Employers need guidance on psychosocial hazards, says minister
Two Association members recently met with Kevin Anderson, the NSW Minister for Better Regulation and Innovation, to discuss the urgent need to combat non-physical hazards in the workplace.
Nick Howson, an RN and branch president at Cumberland Hospital, and Skye Romer, secretary of the Prince of Wales Mental Health Branch, spoke to the minister about their harrowing experiences of psychosocial hazards at their workplaces.
Nick and Skye, accompanied by NSWNMA professional officer Veronica Black, met with Kevin Anderson at his Martin Place office, ahead of a meeting of all Australian ministers responsible for workplace health and safety laws.
The ministers will be voting on the 34 changes recommended by Marie Boland, a former executive director of SafeWork SA, who recently conducted an independent review of Australia’s model workplace health and safety legislation. In her review, Boland found that workplace health and safety laws lacked regulations and specific guidance for managing psychosocial risks.
“In submissions to Boland’s review process, the NSWNMA argued that occupational violence and other psychosocial hazards were not being effectively addressed and prevented under the existing system,” said NSWNMA Assistant General Secretary, Judith Kiejda.
“A lot of psychosocial injuries in the workplace occur when there are feelings that there is no organisational justice, leaving workers feeling unsupported,” Judith said.
“When Marie Boland’s recommendations came out, she was really clear that employers don’t have any guidance to help them understand what their obligations are in managing hazards such as workloads, bullying and sexual harassment. SafeWork inspectors can’t write notices for things that aren’t in the law, so we argued that psychosocial injuries must be clearly identified and be notifiable injuries.”
Currently, the onus is on workers in the healthcare system to follow up if they need mental health support. Nick told The Lamp, “If big organisations like health aren’t able to psychologically protect workers, what chance do other organisations have?”
Skye spoke to the minister about the lack of workplace support she received after an attack by a consumer that resulted in surgeries and an ongoing recovery process.
“I’ve had firsthand experience of what it is like to be injured in the workplace. It has been absolutely horrendous. Coming into work after you’ve already been injured, your body is in a flight-or-fight response. At the same time, you are investigated by the insurers in a way that is verging on stalking.”
A lack of support
Skye has had to attend multiple medical appointments and undergo numerous treatments.
Skye also suffered a “massive drop in pay” and had to move out of her home when the workers’ compensation system did not take into account her history of overtime.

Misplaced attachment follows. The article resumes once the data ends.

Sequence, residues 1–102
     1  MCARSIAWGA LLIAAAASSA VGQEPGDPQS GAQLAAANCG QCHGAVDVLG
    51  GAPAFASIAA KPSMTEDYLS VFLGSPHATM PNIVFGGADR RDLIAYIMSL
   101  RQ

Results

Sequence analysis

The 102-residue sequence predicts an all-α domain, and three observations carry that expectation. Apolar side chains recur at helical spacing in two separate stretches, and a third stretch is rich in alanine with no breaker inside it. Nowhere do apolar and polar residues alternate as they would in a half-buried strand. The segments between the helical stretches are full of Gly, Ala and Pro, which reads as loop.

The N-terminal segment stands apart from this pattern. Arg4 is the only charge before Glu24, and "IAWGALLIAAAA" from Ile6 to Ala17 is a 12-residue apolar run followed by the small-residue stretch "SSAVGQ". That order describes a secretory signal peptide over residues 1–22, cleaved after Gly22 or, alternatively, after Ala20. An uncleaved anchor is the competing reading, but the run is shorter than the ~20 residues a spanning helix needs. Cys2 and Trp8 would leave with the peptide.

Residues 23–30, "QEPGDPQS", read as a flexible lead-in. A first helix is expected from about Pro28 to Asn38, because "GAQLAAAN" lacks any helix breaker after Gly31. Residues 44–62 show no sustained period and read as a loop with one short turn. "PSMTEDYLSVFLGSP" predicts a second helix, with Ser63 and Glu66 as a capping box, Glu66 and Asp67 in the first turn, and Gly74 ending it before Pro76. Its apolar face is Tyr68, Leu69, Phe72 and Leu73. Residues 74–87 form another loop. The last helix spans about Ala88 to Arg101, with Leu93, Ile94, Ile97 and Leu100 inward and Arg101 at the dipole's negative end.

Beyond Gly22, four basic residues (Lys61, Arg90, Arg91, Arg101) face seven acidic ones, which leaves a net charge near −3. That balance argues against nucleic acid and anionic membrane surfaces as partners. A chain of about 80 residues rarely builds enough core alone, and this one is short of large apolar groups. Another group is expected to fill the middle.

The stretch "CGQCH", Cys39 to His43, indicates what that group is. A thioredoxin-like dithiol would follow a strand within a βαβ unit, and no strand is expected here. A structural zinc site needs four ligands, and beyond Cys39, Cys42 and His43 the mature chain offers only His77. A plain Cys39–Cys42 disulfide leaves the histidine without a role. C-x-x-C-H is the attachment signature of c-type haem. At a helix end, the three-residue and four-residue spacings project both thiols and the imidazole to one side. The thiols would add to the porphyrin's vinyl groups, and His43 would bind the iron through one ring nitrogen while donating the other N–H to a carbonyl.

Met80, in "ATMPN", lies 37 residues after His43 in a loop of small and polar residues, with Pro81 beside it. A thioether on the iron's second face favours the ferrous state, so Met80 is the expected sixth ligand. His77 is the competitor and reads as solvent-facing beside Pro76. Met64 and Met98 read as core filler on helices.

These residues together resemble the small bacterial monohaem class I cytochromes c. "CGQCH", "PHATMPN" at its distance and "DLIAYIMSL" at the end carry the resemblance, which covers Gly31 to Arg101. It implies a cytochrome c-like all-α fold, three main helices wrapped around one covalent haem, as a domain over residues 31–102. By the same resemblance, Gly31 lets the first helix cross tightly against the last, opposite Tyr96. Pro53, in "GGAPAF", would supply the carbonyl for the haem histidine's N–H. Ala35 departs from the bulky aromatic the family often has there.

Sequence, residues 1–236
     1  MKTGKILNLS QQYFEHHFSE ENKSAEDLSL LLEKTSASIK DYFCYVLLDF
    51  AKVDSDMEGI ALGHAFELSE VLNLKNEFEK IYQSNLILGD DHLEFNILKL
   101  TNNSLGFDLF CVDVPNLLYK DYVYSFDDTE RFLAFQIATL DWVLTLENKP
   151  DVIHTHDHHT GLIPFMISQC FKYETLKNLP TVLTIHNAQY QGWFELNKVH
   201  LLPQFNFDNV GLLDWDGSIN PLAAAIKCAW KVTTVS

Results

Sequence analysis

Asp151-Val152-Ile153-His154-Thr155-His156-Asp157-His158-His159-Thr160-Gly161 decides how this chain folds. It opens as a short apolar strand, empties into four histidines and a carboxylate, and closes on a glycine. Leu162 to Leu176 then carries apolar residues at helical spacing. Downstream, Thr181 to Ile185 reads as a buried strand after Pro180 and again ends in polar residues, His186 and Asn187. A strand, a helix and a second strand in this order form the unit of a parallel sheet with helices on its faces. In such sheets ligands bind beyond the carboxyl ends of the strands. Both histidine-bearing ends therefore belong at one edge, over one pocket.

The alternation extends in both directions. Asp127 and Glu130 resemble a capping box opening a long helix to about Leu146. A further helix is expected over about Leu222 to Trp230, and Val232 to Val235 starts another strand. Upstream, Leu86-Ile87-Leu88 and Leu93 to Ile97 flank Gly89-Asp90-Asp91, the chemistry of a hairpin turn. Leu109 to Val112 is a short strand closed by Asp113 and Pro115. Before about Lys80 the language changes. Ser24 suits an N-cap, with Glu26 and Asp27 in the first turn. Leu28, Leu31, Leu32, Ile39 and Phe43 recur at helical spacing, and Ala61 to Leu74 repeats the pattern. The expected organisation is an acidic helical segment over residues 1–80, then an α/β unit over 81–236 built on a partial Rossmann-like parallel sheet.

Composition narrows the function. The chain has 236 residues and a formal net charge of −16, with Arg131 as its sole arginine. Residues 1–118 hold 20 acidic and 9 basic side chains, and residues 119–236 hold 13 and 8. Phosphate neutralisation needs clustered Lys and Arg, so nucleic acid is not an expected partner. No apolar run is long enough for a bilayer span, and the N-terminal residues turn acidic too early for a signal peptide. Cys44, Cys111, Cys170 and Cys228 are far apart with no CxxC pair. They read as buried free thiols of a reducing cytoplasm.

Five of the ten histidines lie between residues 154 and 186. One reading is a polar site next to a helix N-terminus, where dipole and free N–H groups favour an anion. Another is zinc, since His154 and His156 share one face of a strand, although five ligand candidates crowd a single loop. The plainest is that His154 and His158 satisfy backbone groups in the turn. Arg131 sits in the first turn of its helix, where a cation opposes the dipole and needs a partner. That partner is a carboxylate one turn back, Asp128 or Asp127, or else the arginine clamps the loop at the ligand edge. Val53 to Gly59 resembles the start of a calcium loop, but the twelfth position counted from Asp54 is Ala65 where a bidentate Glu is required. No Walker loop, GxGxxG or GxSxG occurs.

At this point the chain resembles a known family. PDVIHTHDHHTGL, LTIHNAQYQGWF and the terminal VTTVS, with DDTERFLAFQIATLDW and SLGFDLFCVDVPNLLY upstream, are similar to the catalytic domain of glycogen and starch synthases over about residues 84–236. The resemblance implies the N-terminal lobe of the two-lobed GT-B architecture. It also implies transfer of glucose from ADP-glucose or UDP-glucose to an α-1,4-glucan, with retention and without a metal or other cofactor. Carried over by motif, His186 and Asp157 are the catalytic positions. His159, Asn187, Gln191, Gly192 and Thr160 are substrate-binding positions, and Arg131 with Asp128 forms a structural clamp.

“In my mind, I was paying for being assaulted at work.”
Nick said they asked the minister to support all 34 of Boland’s recommendations, as well as implement the proposed code of practice.
“When we spoke to the minister, he conceded that there is clearly a problem, and that bosses need guidance,” Nick said.
In a separate process to the Boland recommendations, the NSW government has released a draft code to cover psychological risks.
“The code gives an outline for everyone to work to, so they don’t have to make it up,” Nick said.
“I was pleasantly surprised by the minister’s willingness to listen. He even went as far to say that he thought the input of unions was of vital importance, because they see how it affects workers.”
Beefing up the law
In 2011, Australian states and territories began to harmonise the different acts and regulations covering workplace health and safety so that there was consistency between the rules and regulations in each jurisdiction.
In 2019, after a long-delayed independent review of the model act, Marie Boland made 34 recommendations for changes. Ministers from all jurisdictions will soon meet to vote on whether to update the act with each of Boland’s recommendations. Each recommendation needs a two-thirds majority vote to change the act.
In a separate process, the NSW government has released a draft code of practice for managing workplace risks to psychological health. The code – developed by a working group that included Safe Work Australia and SafeWork NSW, unions, employers and academic experts – provides detailed information on how to manage risks to psychological health in the workplace.
New South Wales will be the first Australian state to develop a code of this kind.
“We strongly support a code of practice,” NSWNMA Assistant General Secretary, Judith Kiejda, said. “It is a good document, and while it doesn’t do everything, it goes a long way to filling the gap.”
As The Lamp goes to press the WHS ministers have agreed to regulate psychosocial hazards.
The ACTU said the decision “was a major step towards the prevention of mental illness”.
“Years of campaigning from working people and their unions have gone into winning this regulation. It will make Australian workplaces safer for future generations of workers,” said ACTU assistant secretary Liam O’Brien.